Cyberbullying Prevention in the Classroom

Cyberbullying Prevention in the Classroom

These days even young children have active digital lives through texting, instant messaging, and multi-player online games such as Club Penguin. However, children who are adept at using digital devices such as smartphones and tablets often lack the digital social skills needed to be safe online. Unless adults directly teach such skills, children may inadvertently hurt others’ feelings, escalate their own negative emotions, or share private information widely.

Whose job is it to teach children to stop and think before they press the send button, avoid casual cruelty in texts, or keep private information private? Hopefully, all the adults in children’s lives are working together to teach these life skills. Classroom teachers can and should take an active part in this aspect of preventing cyberbullying. Otherwise, meanness practiced in the digital world will overflow into our classrooms. Bully and cyberbullying impact children’s ability to learn; if we can help prevent them, we should.

But teachers are busy! Fortunately, you can teach digital social skills and cyber-safety in ways that interweave with your existing curriculum. I asked Tracy Mercier, a Responsive Classroom consultant whose third grade classroom I wrote about in How to Bullyproof Your Classroom, how she managed this challenge. Here are some of her suggestions:

  1. Try Skyping. Starting with a platform where children are not in the same space but can still see each other is a way to teach foundational skills. Are your students in book clubs? Use Skype to join a book club where some of the members are in a neighboring town or another state. You’ll need to explicitly teach skills such as turn-taking and careful listening; of course, these are skills you’d teach for successful face-to-face book clubs, as well! Other skills to teach are important for face-to-face discussions but even more so for Skype™: keeping one’s attention on the speaker, reflecting about what the speaker might mean, and asking clarifying questions. Building these skills will help your students be more thoughtful as they interact digitally both inside and outside of your classroom.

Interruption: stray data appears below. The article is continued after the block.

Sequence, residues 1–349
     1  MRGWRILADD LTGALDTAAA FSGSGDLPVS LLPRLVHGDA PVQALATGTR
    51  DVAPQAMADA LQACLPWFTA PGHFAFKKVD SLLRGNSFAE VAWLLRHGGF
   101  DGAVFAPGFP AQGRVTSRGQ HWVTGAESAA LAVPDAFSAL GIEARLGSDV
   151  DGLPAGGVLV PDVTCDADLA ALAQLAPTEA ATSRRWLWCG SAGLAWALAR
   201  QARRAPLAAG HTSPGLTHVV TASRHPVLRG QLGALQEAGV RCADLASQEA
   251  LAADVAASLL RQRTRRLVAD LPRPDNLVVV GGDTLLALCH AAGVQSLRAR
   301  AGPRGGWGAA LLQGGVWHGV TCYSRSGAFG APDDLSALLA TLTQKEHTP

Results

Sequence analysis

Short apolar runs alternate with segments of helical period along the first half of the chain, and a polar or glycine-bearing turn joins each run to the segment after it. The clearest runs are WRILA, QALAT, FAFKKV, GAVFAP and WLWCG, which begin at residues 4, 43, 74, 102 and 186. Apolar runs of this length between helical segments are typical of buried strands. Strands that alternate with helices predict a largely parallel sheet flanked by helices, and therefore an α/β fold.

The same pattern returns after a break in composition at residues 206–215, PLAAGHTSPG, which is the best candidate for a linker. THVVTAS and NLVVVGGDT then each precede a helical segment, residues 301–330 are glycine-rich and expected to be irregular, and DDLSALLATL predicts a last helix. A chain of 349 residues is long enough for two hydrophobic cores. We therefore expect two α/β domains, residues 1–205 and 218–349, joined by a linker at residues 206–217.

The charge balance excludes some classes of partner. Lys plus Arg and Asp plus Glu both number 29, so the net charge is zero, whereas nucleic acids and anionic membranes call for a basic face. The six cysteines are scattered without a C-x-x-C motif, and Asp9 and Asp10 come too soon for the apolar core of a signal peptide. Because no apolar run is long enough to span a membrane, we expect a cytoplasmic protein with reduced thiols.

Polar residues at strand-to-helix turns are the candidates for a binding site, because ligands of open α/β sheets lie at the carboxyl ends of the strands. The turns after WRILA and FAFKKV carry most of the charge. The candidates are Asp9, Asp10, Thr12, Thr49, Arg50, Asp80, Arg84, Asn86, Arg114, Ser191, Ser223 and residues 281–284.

2. Try blogging. Set up a classroom blog that children in other classes or children’s family members can read. Blogging will allow your students to practice communicating with others when they don’t see their faces and aren’t receiving body language cues about how readers are thinking and feeling. In order to be successful, children will need to think about how the person reading the blog might feel when they read their words. They’ll also need to know how to respond with clarity and tact to comments made. Notice that these are skills we teach as part of a quality writing program: how to write clearly and awareness of audience. Explicit instruction about how writing skills apply to communicating on a blog will help students with writing they do online, inside and outside of your classroom.
  3. Try Pinterest and Instagram. Try having students post “How I solved the math problem” pictures on a classroom Pinterest or Instagram page. To do this well, students will need to choose visuals that depict their thinking and describe their thinking clearly in writing. They’ll also need to learn to write respectful comments on other people’s work. These skills are among those we already teach children in order to communicate mathematically; they’re also skills children need to communicate safely and respectfully in digital environments.

A recent University of Phoenix College of Education study found that 80% of teachers surveyed use social media, but only 18% have integrated it into their classrooms due to worries about possible negative repercussions. The reality is that our students are already in the social media world. Without guidance from adults, there will be negative repercussions that lead up to and include cyberbullying.

In our classrooms, we teach students the skills of listening carefully, speaking clearly, and monitoring responses to keep them appropriate and kind. Children won’t automatically apply those skills to the digital world unless we build that bridge for them. By using digital platforms and experiences to teach skills of reading, writing, math and inquiry, we build the bridge. By teaching skills of digital safety as part of this instruction, we help to keep children safe both inside and outside the classroom.

Caltha Crowe is a Responsive Classroom consulting teacher with nearly forty years of experience teaching elementary school students and twenty years of experience mentoring new teachers. She is the author of three books: Sammy and His Behavior Problems (NEFC 2010), Solving Thorny Behavior Problems (NEFC 2009), and How to Bullyproof Your Classroom.

Tags: Bullying, Challenging Behaviors